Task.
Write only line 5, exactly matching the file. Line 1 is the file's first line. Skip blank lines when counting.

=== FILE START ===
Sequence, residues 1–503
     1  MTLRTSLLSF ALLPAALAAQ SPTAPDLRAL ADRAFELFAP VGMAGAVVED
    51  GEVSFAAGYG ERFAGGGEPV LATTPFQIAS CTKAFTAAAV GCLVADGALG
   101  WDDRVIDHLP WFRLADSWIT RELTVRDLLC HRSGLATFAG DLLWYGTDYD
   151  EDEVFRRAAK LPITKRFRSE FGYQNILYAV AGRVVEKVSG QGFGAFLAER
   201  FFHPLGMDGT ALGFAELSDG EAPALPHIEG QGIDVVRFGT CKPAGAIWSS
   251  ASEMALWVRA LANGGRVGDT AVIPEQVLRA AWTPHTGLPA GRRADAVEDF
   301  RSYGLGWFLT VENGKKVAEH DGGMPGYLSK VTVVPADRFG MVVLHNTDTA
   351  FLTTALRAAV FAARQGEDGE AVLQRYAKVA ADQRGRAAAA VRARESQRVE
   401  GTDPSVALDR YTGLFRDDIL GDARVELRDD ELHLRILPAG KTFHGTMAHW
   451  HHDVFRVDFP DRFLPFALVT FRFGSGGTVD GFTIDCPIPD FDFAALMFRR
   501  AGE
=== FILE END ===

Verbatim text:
   151  EDEVFRRAAK LPITKRFRSE FGYQNILYAV AGRVVEKVSG QGFGAFLAER